Ecommerce Accounting Explained: What Is A Cash Flow Forecast & Why Does It Matter?

Ecommerce Accounting Explained: What Is A Cash Flow Forecast & Why Does It Matter?

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Every business should have a cash flow forecast.

Whether you’re an ecommerce seller, an investor, or the owner of a large company, a cash flow forecast enables you to extract important information about the financial health of your operations.

You wouldn’t walk into an Aston Martin garage to buy a car without knowing how much money you have in your bank account today and whether the payment might decline.

Similarly, you shouldn’t make fundamental business decisions without understanding your cash flow both right now and in the future.

This article will take you through the basics of cash flow forecasts so you have everything you need to make one for your business.

In this guide to cash flow forecasting:

What Is Cash Flow Forecasting?

Cash flow forecasting is the process of estimating the flow of money in and out of a business over a certain period of time - often 1, 3 or 12 months.

In order to do this, you need to estimate upcoming income and expenses.

“Forward planning is vital to the health of any business. Everyday business decisions are tactical; long-term decisions are strategic. To succeed, a business needs good tactics and a good strategy.”

A cash flow forecast or cash flow projection helps to give you clarity about your business finances.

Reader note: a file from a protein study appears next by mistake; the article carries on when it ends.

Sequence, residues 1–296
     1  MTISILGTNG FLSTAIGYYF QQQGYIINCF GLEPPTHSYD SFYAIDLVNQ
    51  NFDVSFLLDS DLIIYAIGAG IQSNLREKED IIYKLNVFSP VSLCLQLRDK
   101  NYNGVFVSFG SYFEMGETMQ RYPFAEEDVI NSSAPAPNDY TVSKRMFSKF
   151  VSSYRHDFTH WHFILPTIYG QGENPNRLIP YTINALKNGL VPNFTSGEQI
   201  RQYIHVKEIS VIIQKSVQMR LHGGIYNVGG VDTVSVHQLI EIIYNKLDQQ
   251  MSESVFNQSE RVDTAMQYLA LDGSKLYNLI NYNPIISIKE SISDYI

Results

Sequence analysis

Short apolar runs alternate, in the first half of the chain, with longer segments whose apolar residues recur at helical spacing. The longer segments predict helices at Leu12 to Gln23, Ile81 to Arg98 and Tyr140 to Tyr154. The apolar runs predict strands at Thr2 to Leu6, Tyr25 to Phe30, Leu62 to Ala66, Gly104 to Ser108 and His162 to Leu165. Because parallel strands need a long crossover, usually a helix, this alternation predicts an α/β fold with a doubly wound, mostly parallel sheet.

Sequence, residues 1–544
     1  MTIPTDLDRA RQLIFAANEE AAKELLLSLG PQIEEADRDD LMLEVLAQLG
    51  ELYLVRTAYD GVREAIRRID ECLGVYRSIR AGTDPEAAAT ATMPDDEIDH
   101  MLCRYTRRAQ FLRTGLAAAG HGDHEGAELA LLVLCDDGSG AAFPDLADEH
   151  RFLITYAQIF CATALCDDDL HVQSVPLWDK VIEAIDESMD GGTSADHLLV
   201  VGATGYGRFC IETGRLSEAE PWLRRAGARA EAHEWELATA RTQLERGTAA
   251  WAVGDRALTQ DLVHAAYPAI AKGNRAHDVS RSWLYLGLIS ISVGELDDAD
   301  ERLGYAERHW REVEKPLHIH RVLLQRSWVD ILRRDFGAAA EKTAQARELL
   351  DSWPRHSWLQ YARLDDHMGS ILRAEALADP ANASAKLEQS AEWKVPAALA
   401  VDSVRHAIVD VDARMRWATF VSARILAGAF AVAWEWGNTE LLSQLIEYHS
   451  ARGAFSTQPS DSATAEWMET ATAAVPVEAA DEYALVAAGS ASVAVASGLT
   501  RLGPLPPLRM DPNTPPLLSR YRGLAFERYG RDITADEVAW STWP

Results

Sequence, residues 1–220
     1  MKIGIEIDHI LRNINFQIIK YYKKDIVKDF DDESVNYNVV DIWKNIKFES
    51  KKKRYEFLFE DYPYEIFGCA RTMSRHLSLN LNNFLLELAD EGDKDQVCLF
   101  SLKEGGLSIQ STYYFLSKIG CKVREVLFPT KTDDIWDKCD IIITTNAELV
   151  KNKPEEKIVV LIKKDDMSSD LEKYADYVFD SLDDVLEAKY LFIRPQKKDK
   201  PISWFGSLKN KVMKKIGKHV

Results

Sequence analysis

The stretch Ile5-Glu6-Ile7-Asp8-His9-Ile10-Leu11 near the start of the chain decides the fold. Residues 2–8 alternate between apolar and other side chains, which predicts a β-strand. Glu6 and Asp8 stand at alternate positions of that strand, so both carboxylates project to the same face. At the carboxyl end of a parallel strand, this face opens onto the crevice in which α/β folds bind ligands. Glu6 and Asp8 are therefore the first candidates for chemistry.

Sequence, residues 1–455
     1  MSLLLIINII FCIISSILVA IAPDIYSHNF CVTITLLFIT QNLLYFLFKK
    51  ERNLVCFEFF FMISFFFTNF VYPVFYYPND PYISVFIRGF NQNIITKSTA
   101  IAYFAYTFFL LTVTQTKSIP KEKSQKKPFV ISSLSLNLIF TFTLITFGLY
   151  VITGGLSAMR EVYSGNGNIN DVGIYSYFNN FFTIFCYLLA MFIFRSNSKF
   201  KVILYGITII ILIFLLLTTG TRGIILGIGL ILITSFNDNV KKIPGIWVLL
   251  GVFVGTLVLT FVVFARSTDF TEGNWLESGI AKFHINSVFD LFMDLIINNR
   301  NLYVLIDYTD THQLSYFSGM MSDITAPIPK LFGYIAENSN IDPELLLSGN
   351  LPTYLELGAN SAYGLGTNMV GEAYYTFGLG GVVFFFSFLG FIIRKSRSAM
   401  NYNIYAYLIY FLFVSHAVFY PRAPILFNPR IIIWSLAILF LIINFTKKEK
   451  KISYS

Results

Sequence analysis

When you look at your forecast, you can see how much you’re likely to have in cash assets in any given month, and plan your spending accordingly.

This means the decisions you’re making around when to stock up, when to hire helping hands, when to ship your product, and the payment terms you offer to your customers, are all informed decisions.

You’ll be able to see when it’s smart to invest and when it’s best to sit tight. Having this comprehensive oversight is essential to the success of your business.

Why Is Cash Flow Forecasting Important?

Good question.

The purpose of a cash flow forecast is to see how much money is going to flow in or out of your business, and when.

This is not only useful for your planning and decision making, but it keeps you out of the danger zone.

Benefits of using a cash flow forecast

  • It gives you advanced warning of cash shortages.

  • It ensures that the business can pay employees and suppliers.

  • It gives you financial control.

  • It provides reassurance to investors that the organization is being managed prudently.

  • It helps you to avoid running into cash flow problems.

Why forecasting is especially important for ecommerce businesses

Product-based businesses (such as ecommerce stores) often need to buy a lot of inventory.

That means investing large sums of money into stock that will be returned as income from sales throughout the year.

But often the stock is paid for well in advance of when you start selling it. It might be weeks or months before you see significant cash inflow from customers, which means that you can be left with a cash flow gap.

A cash flow gap occurs when there’s a delay between money going out, and money coming in. If you have planned for this, or around this, the gap shouldn’t be worrying.

It’s when you don’t have a forecast and a plan that the gap becomes a problem.

What happens if I don’t forecast?

“Somebody said to me the other day that when they think about their P&Ls they bleed from their eyeballs, and I think that sums it up for how a lot of people feel.”

It’s very easy to run into cash flow trouble, and there are a few common causes of it.

If these causes are predicted, they can be prevented. Sometimes pulling something forward and delaying something else is enough to keep your cash flow positive.